Valve Wants You to Sweat

Everyone wants to know what Valve is up to. Those guys out in Washington are the future of video games, you see, so anything and everything that they do—even if none of it leads to anything in particular—is worthy of note, because the company is so good at coming up with innovative and exciting ideas. And a lot’s been made of the research the company is putting into studying and understanding how biometric feedback can be used in games.

A post on Venture Beat offers up some details about the latest work Valve has put into biometric data: specifically, the way games can use a gamer’s sweat. The post explained that, during a session of Left4Dead, players’ sweat output was measured and data was extrapolated from that and fed back into the game. The game then “tried to modify the play experience so it was more fun.” How would it get more fun, you ask? Here’s how:

“Valve also ran an experiment in which the player had four minutes to shoot 100 enmies. If they were calm, the game would progress normally. If they got aroused or nervous, the game would move more quickly, and they would have less time to shoot the enemies.”

Wow! That does not sound fun to me. But then, I’m kind of a wimp, so, you know, I’m sure the Sweat-o-Matic 5000 technology they’re working on over there would be wasted on me.

Valve’s resident experimental psychologist Mike Ambinder is in charge of running these kinds of experiments. Here’s what he had to say on the efforts:

“There is potential on both sides of the equation, both for using physicological signals to quantify an emotional state while people are playing the game.

The more interesting side of the equation is what you can do when you incorporate physiological signals into the gameplay itself.”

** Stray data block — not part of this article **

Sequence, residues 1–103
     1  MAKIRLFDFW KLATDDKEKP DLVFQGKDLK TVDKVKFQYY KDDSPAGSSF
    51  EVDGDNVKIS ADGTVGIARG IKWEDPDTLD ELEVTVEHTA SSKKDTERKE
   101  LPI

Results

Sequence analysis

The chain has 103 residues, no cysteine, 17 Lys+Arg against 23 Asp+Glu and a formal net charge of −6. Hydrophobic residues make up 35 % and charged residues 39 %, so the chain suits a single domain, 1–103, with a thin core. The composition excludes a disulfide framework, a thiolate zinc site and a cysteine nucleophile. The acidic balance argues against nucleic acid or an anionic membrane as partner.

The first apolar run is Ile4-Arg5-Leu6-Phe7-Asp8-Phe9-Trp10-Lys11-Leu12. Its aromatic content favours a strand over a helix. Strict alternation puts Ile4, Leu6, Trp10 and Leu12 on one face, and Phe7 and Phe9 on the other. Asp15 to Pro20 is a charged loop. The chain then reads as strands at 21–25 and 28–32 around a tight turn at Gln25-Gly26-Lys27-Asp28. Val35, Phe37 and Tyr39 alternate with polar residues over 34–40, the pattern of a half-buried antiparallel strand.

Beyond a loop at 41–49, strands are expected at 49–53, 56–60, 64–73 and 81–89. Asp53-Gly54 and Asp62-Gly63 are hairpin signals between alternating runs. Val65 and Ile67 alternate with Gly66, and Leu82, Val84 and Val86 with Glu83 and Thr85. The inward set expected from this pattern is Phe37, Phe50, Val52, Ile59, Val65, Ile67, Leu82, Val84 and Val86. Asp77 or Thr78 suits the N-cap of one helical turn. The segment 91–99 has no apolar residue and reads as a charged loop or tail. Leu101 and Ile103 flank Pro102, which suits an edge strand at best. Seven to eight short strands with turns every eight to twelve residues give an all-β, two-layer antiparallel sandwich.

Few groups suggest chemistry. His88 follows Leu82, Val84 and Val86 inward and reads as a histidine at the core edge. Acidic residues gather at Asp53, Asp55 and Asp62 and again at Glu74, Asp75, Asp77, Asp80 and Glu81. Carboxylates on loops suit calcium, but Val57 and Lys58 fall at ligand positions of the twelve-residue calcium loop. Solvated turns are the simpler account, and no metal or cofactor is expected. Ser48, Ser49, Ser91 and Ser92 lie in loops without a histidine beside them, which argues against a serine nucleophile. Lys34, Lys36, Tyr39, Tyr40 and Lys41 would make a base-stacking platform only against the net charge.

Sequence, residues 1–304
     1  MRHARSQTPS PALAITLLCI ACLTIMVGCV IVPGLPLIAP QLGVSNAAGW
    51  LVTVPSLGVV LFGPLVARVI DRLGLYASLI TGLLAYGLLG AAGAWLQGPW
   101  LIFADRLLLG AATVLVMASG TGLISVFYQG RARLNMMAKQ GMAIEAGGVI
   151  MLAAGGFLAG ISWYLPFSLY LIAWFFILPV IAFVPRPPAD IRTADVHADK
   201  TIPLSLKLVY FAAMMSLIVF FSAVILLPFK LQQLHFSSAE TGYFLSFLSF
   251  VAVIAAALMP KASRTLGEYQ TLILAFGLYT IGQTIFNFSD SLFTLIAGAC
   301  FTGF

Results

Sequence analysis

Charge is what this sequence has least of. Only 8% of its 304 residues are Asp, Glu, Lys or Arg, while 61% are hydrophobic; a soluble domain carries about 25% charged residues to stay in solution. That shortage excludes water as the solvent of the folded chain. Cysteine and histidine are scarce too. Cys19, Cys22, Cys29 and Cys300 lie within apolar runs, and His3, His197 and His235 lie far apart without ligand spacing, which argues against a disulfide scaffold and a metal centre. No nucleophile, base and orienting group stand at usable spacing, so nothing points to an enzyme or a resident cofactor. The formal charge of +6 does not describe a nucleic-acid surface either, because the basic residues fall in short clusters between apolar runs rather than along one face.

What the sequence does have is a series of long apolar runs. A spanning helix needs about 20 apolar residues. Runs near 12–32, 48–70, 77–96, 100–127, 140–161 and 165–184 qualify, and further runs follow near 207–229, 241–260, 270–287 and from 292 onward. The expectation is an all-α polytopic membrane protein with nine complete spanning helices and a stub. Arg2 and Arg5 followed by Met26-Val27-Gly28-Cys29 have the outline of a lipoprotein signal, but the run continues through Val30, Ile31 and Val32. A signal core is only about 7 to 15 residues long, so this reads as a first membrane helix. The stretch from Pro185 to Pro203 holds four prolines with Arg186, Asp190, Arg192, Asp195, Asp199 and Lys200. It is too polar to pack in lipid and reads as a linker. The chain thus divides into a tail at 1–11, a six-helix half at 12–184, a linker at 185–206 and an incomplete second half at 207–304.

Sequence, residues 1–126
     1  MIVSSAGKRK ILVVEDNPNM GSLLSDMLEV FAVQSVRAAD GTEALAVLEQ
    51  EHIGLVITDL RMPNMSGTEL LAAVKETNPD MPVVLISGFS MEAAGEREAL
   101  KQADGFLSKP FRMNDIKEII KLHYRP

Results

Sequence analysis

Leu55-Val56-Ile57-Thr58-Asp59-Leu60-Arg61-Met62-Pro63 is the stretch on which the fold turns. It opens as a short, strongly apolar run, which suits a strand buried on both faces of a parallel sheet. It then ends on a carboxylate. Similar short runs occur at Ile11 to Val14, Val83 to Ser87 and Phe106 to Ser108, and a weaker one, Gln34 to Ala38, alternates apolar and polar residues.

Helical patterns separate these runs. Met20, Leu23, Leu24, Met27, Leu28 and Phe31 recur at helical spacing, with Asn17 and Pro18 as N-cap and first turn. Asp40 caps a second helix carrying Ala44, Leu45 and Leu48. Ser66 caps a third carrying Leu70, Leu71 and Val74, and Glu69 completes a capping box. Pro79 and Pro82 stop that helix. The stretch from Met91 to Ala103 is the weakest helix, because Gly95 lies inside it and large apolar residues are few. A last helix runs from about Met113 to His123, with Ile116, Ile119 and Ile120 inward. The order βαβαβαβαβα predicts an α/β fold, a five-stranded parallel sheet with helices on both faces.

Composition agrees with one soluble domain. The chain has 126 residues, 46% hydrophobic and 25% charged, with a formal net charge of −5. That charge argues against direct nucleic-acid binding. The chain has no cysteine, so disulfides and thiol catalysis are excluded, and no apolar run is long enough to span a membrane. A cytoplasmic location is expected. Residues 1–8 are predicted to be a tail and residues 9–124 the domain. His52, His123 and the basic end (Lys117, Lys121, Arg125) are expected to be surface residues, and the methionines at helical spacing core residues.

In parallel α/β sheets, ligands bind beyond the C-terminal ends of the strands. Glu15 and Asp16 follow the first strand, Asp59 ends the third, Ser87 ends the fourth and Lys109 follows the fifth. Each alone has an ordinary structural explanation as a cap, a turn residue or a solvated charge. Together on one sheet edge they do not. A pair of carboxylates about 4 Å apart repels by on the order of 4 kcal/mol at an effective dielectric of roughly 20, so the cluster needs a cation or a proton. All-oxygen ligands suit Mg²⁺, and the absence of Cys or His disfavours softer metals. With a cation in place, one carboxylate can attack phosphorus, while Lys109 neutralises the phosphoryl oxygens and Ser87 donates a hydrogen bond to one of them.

Yikes. I kind of feel okay about the games I play not knowing how frustrated or frazzled I am. If I start worrying about how my body is betraying me to the soulless computer, that’s going to add a whole new layer of stress.

Your thoughts? Do you want your games to measure your sweat and react accordingly? No word yet on whether or not Valve will be incorporating the level of body odor you produce while playing.

[Venture Beat via Joystiq]

  1. This doesn’t make sense, I’m only sweating in a game because it’s hard and intense, I don’t need it to get harder if I’m already having a hard time…

    • I think you may be using the study out of context. What i took away from it was that when you get excited or aroused the game play speeds up to make it more immersive. I think that if the technology sensed you were pissed with it, it would probably ease up a bit, but then again that’s what difficulty settings are for.

  2. Maybe not sweat, but I’d get a kick out of having my heart rate measured while playing a horror game. Imagine the potential…

  3. I only sweat when im playing competetive FPS.

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